Homeless shelter opens for winter
A box truck backed up to the door of the old Lenoir High School gymnasium Monday morning, and volunteers hauled out twin-bed-sized cardboard boxes and leaned them against the wall. Before long, a row of folding cots lined the gym floor in preparation for the opening of the Lenoir Emergency Outreach Shelter, otherwise known as LEOS Place.
Just before 9 p.m. a hand-painted sign that read "LEOS shelter open" was hung on the front door of the county's only true homeless shelter.
"It's very meaningful to be able to reach out and provide a place for those in need to warm up and a place to sleep safely," said Elizabeth Norris, shelter coordinator.
LEOS Place is run by Yokefellow, a crisis assistance agency that provides emergency food and other assistance. The City of Lenoir provides the use of the gym and keeps the shelter heated. The cots were donated by Ambassador Baptist Church in Hudson and two Caldwell County Yokefellow volunteers, Barry Story and Mike Maynard. The shelter will be open until March.
County officials estimated last year there were about 60 homeless people, based on head counts at various agencies. But advocates say the true number exceeds 100. Either way, the shelter will have ample space.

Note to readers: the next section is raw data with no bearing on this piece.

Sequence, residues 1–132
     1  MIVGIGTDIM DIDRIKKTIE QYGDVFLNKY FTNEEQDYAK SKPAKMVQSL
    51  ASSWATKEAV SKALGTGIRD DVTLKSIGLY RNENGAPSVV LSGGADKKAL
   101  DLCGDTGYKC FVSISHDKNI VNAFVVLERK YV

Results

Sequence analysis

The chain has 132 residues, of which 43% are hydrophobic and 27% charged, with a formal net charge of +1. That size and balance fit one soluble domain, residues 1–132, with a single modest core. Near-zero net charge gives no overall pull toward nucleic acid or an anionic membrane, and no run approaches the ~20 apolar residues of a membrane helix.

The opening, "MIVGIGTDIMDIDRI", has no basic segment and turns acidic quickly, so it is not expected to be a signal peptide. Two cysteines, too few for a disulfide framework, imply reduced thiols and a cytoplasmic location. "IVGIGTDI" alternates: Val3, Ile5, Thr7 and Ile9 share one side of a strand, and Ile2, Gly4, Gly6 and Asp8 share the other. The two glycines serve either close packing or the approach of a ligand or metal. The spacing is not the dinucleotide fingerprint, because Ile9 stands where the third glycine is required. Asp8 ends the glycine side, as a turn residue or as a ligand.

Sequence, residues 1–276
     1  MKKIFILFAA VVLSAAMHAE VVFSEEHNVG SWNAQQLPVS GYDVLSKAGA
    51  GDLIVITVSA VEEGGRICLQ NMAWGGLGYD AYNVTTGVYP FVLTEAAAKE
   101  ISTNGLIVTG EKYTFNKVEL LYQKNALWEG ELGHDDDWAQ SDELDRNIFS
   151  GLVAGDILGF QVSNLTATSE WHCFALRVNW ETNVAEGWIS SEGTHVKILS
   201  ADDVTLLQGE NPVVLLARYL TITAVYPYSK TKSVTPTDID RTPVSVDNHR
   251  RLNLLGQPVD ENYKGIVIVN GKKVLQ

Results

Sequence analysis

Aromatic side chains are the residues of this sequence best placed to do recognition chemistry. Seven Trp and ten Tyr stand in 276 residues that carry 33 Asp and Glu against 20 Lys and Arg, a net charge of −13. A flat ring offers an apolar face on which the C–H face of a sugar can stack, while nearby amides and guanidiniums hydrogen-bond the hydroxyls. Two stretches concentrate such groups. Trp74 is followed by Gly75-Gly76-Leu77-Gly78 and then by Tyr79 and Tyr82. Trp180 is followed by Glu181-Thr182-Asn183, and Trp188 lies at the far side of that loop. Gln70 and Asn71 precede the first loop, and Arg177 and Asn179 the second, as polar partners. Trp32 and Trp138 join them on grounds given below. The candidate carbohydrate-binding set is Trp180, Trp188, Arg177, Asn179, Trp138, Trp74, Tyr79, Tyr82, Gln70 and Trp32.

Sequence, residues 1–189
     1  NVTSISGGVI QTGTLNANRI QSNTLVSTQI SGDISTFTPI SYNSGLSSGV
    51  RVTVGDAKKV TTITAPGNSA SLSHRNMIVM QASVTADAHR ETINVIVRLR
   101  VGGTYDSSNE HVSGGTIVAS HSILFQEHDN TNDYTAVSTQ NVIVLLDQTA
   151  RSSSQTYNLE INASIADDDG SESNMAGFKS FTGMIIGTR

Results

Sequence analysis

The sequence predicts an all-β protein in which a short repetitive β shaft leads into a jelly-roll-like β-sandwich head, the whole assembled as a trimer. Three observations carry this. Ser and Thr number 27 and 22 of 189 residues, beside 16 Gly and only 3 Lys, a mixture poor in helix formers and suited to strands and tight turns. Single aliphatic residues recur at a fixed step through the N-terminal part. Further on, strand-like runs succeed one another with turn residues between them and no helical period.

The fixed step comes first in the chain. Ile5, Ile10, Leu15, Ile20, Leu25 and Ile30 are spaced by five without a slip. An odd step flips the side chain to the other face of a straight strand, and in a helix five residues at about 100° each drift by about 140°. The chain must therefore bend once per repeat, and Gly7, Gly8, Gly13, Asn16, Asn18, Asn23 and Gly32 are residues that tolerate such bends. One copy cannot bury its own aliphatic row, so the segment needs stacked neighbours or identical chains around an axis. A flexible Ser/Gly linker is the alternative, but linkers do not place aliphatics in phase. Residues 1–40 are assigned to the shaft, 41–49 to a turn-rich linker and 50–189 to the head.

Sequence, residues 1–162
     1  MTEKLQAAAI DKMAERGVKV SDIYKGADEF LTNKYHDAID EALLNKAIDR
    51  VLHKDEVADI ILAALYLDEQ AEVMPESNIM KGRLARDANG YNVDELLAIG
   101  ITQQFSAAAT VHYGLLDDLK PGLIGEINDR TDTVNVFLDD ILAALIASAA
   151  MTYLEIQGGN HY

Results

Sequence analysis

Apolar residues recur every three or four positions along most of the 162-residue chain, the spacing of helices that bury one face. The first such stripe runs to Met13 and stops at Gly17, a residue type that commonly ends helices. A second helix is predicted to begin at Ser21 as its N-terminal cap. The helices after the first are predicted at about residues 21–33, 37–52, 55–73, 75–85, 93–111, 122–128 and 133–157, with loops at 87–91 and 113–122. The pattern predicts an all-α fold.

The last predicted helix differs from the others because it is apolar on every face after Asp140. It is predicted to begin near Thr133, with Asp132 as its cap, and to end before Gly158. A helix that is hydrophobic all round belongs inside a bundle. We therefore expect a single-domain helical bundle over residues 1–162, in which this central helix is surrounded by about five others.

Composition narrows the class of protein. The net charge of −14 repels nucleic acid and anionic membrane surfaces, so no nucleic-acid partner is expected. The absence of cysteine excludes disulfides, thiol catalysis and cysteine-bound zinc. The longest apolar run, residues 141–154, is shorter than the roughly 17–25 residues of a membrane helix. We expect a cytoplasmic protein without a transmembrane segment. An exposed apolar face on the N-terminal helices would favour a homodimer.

"We also want to include those who have no heat, not just those that are homeless," said Yokefellow Director Sharon Osborne. "If your heat goes out because you couldn't pay a bill, or it needs repair, you are welcome to stay."
The shelter opens its doors at 9 every night. People must leave by 7 a.m. It is open seven days a week, and volunteers are there to make sure they are safe. Drinks and snacks are provided. However, the volunteer time and resources available are limited, and more help is needed to oversee the shelter.
"We always are in need of volunteers," said Norris, herself a volunteer for the past three years and now a paid intern. "Anyone can help, by donating time, treasure or talent."